Early Autism Marker ID'd in Infants

According to a new study published in the journal Nature, eye contact during infancy may be a marker of early identification of autism.

The study showed that a steady decline in attention to others' eyes within the first 2–6 months of life may be the earliest sign of developing autism ever observed. Children with autism do not learn to pick up social cues by paying attention to other people's eyes. This lack of eye contact is one of the diagnostic features of autism.

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Researchers Warren Jones, PhD, and Ami Klin PhD, of the Marcus Autism Center, Children's Healthcare of Atlanta, and Emory University School of Medicine followed infants from birth to age 3. 

The infants were divided into groups based on their risk for developing an autism spectrum disorder. Infants in the high-risk group had an older sibling already diagnosed with autism, and those in the low-risk group did not. 

Eye-tracking equipment was used to measure each child's eye movement as they watched video scenes of a caregiver. The percentage of time each child fixated on the caregiver's eyes, mouth, and body, as well as the non-human spaces, were calculated.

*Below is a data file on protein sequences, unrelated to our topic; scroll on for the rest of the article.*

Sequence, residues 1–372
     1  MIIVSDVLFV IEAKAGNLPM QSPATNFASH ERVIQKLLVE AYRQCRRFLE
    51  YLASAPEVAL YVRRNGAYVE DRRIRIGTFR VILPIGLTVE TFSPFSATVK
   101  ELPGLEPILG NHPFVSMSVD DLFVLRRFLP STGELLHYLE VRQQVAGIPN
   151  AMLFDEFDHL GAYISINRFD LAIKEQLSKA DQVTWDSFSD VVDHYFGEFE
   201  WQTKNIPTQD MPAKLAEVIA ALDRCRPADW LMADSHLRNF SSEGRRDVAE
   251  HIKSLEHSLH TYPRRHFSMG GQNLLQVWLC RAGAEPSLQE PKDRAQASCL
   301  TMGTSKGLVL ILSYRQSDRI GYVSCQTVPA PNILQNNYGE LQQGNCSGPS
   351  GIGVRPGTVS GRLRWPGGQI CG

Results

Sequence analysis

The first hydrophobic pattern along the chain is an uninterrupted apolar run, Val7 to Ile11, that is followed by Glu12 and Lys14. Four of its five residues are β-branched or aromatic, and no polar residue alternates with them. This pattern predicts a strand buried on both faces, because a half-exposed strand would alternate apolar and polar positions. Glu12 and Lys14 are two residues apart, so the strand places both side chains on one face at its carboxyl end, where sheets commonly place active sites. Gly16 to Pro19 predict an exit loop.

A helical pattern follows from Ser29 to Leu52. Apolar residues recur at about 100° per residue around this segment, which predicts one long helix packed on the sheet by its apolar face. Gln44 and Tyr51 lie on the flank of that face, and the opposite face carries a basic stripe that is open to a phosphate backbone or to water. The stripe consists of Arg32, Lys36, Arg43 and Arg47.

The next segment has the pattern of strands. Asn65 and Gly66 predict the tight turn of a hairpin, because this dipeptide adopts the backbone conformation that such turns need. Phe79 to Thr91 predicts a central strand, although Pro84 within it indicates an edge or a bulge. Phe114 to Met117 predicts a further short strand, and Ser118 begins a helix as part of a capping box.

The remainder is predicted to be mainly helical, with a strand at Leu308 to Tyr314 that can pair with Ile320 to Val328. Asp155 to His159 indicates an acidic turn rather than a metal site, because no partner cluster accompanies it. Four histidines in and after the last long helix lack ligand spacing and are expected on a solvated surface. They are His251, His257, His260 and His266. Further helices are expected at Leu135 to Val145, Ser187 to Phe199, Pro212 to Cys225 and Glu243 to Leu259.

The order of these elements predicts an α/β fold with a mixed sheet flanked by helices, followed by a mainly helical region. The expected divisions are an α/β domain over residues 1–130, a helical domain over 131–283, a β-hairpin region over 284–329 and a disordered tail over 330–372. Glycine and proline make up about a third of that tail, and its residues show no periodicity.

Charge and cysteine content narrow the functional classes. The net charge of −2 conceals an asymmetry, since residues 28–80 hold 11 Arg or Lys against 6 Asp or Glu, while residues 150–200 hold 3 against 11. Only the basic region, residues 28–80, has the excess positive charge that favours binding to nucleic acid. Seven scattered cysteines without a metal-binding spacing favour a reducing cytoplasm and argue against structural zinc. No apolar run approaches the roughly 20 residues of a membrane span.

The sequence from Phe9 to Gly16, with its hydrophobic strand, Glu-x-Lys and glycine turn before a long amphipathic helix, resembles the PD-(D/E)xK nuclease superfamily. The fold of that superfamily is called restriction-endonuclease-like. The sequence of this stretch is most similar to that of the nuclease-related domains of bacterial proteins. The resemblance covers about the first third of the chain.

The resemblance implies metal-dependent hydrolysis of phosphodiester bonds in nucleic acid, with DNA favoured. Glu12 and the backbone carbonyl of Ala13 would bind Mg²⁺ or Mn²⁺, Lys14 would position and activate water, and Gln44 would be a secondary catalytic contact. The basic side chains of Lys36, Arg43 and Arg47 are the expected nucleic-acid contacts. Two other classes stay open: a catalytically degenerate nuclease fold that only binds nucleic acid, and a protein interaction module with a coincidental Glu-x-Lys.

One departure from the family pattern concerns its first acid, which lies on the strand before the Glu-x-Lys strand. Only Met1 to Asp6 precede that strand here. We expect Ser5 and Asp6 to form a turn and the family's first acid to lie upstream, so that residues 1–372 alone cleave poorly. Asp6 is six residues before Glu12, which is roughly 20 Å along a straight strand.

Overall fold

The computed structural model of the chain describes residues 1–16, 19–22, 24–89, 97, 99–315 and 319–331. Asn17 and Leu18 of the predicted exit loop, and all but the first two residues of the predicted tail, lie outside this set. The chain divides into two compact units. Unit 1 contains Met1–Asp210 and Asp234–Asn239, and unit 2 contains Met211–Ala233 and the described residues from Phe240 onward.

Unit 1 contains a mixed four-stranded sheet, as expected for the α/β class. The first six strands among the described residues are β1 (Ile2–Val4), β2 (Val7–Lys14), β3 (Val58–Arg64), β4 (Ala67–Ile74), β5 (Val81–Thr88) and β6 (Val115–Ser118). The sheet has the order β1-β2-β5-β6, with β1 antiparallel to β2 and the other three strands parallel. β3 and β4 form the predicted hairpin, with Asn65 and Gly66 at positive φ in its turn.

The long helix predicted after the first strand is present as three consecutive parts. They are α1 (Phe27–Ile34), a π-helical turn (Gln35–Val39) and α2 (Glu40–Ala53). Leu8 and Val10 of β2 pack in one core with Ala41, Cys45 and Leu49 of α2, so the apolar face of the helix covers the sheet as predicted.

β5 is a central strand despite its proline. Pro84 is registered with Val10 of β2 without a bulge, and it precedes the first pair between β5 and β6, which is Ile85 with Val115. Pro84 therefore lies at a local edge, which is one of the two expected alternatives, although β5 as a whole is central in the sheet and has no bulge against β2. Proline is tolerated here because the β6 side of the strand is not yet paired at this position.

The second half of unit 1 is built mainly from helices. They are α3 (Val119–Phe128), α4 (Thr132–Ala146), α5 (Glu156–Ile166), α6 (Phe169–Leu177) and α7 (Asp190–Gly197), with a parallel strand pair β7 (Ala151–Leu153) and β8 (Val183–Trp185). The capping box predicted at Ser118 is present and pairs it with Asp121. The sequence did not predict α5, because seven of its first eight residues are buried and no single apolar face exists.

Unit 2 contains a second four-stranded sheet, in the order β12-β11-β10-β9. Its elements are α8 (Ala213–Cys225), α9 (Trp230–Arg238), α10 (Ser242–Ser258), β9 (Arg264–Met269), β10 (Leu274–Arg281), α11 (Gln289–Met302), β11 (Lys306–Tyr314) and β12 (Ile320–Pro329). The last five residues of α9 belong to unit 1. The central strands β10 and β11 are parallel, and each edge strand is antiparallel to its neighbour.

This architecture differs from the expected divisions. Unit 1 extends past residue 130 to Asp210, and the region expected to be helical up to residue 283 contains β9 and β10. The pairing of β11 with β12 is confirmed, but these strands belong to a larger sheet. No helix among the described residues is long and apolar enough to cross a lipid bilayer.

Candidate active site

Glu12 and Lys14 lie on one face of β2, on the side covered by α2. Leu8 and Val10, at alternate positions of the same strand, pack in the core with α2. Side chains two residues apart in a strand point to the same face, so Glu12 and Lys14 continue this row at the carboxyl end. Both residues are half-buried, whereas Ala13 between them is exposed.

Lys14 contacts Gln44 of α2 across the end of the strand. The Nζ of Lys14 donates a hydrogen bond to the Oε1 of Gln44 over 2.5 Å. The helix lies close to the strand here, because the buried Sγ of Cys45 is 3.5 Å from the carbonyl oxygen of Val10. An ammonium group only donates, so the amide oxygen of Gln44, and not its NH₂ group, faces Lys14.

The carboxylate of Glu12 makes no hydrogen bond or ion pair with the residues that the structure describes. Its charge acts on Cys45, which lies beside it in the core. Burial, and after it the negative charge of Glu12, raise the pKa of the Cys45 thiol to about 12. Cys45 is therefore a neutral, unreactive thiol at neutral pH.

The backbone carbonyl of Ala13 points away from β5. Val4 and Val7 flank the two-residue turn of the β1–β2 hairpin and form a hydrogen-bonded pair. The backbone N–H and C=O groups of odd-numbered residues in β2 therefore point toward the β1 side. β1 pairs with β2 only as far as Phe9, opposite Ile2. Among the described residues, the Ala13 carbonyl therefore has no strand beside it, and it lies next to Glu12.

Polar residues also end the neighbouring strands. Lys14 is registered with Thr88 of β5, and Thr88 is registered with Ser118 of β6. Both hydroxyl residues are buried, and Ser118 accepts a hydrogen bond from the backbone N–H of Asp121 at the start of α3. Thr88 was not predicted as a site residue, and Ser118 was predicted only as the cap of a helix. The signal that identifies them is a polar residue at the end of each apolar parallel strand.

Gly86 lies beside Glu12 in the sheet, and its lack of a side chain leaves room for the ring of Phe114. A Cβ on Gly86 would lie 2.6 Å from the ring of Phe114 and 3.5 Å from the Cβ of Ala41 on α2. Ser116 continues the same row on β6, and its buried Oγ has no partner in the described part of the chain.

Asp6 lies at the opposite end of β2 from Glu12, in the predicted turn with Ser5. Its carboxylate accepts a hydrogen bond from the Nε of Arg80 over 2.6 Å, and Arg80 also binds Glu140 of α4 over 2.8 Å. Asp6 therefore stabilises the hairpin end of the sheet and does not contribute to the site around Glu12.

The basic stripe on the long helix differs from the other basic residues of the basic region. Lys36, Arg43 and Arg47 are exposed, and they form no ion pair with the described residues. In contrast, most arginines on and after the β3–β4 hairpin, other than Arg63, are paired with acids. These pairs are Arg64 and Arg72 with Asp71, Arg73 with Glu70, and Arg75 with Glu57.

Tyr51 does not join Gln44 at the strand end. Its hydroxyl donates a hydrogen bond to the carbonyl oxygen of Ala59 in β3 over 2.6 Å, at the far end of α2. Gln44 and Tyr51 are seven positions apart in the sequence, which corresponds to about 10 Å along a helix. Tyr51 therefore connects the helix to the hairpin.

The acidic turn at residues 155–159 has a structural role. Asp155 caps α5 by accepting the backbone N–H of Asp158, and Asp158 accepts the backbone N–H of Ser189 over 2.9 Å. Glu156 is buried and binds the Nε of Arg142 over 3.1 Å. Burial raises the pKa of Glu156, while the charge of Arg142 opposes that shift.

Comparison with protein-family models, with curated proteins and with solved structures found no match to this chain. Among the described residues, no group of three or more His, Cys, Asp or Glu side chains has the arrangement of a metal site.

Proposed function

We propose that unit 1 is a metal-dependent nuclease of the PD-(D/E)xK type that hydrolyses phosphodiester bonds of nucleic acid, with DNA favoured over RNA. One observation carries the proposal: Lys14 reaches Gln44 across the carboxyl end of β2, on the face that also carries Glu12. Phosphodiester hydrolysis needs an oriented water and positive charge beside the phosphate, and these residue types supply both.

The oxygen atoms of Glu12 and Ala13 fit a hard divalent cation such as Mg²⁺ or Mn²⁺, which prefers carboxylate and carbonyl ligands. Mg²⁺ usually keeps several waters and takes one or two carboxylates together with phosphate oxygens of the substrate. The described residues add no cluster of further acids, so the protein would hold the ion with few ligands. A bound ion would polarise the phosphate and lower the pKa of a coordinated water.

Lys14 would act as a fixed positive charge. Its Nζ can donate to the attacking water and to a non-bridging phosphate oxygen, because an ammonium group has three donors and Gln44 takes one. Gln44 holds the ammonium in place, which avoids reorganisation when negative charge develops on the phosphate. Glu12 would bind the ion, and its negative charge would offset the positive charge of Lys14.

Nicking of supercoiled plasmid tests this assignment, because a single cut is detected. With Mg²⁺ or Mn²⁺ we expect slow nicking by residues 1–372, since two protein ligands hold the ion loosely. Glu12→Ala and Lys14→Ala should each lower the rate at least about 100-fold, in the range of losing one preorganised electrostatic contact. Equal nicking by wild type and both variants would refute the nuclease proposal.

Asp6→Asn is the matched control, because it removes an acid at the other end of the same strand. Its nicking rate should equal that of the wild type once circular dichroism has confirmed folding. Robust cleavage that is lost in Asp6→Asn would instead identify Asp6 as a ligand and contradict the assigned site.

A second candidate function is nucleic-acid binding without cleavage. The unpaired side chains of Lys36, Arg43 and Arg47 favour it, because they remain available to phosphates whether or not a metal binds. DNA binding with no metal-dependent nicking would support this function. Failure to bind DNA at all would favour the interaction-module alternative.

Results showed that by age 3, some of the children had been clinically diagnosed with autism spectrum disorder; most  of whom were from the high-risk group. 

Researchers reviewed the eye-tracking data to determine what factors differed between those children who were diagnosed with autism and those were not. The drop in eye-looking began between 2 and 6 months and continued throughout the course of the study.

By 24 months, researchers found that children later diagnosed with autism focused on the caregiver's eyes only about half as long as their typically developing counterparts. 

Study results suggest that social engagement skills are intact shortly after birth in children with autism although it had been long believed that social behaviors were completely absent in children with autism.

The study team has already started to extend this research by enrolling many more babies and their families into related long-term studies. This study has been funded by the National Institute of Mental Health (NIMH), part of the National Institutes of Health.

For more information call (866) 615-6464 or visit NIMH.gov

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